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already ancient appear army beautiful believe Bellamy body called cause character church circumstances common consider considerable continued doubt effect England English established Europe Evelyn evidence existence expression fact feeling feet France French give given ground hand Hebrew honour House human hundred important instance interest Italy kind king known land language late learned least less Letter light living Lord manner matter means measure mind moral nature never object observed occasion opinion original passage passed perhaps persons political poor present principles probably produce pyramid question reason received remains remarks rendered respect Russia says seems sense side Sir Robert Wilson society supposed taken thing thought tion translation traveller true whole writing
Page 221 - I see before me the Gladiator lie : He leans upon his hand ; his manly brow Consents to death, but conquers agony, And his drooped head sinks gradually low : And through his side the last drops, ebbing slow From the red gash, fall heavy, one by one, Like the first of a thunder-shower ; and now The arena swims around him ; he is gone, Ere ceased the inhuman shout which hailed the wretch who won.
Page 257 - And the LORD God caused a deep sleep to fall upon Adam, and he slept: and he took one of his ribs, and closed up the flesh instead thereof; and the rib, which the LORD God had taken from man, made he a woman, and brought her unto the man.
Page 201 - Made for our searching : yes, in spite of all, Some shape of beauty moves away the pall From our dark spirits. Such the sun, the moon, Trees old and young, sprouting a shady boon For simple sheep ; and such are daffodils With the green world they live in...
Page 2 - From Paul's I went, to Eton sent, To learn straightways the Latin phrase, Where fifty-three stripes given to me At once I had. For fault but small, or none at all, It came to pass thus beat I was; See, Udal, see the mercy of thee To me, poor lad.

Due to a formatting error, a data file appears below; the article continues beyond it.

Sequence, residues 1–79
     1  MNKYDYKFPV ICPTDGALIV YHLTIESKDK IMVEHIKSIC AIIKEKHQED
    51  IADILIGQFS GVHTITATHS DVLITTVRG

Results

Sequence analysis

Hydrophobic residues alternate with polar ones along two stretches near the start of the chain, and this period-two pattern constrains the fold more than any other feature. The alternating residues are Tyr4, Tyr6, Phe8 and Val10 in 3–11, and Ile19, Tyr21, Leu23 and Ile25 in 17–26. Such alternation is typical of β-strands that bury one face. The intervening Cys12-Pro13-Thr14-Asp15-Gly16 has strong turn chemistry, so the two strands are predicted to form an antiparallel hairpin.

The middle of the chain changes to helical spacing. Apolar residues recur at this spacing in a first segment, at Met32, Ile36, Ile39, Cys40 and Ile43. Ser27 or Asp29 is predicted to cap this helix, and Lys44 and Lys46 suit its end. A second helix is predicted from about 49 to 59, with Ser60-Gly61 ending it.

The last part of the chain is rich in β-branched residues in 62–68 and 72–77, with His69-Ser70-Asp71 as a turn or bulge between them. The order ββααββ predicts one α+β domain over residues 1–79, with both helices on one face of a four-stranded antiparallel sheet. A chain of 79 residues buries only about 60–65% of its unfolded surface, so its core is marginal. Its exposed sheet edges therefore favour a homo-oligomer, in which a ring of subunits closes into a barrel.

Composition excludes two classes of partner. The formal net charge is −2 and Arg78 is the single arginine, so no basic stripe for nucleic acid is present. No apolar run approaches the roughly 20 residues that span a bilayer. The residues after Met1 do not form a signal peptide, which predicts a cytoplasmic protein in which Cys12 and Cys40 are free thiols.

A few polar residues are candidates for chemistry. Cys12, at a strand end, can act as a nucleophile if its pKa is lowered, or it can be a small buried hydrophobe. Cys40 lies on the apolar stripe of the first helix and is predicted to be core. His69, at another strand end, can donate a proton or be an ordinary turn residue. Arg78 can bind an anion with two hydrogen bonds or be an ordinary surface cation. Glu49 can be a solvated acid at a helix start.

Page 210 - Farewell! a word that must be, and hath been — A sound which makes us linger; — yet— farewell ! Ye ! who have traced the Pilgrim to the scene Which is his last, if in your memories dwell A thought which once was his, if on ye swell A single recollection, not in vain He wore his sandal-shoon, and scallop-shell ; Farewell! with him alone may rest the pain, If such there were — with you, the moral of his strain.
Page 202 - We have imagined for the mighty dead ; All lovely tales that we have heard or read : An endless fountain of immortal drink, Pouring unto us from the heaven's brink. Nor do we merely feel these essences For one short hour ; no, even as the trees That whisper round a temple become soon Dear as the temple's self, so does the moon, The passion poesy, glories infinite...
Page 217 - The beings of the mind are not of clay ; Essentially immortal, they create And multiply in us a brighter ray And more beloved existence : that which Fate Prohibits to dull life, in this our state Of mortal bondage, by these spirits supplied First exiles, then replaces what we hate ; Watering the heart whose early flowers have died, And with a fresher growth replenishing the void.
Page 216 - I STOOD in Venice, on the Bridge of Sighs ;* A palace and a prison on each hand: I saw from out the wave her structures rise As from the stroke of the enchanter's wand...
Page 201 - Some shape of beauty moves away the pall From our dark spirits. Such the sun, the moon, Trees old and young, sprouting a shady boon For simple sheep ; and such are daffodils With the green world they live in ; and clear rills That for themselves a cooling covert make 'Gainst the hot season ; the mid forest brake, Rich with a sprinkling of fair musk-rose blooms: And such too is the grandeur of the dooms We have imagined for the mighty dead...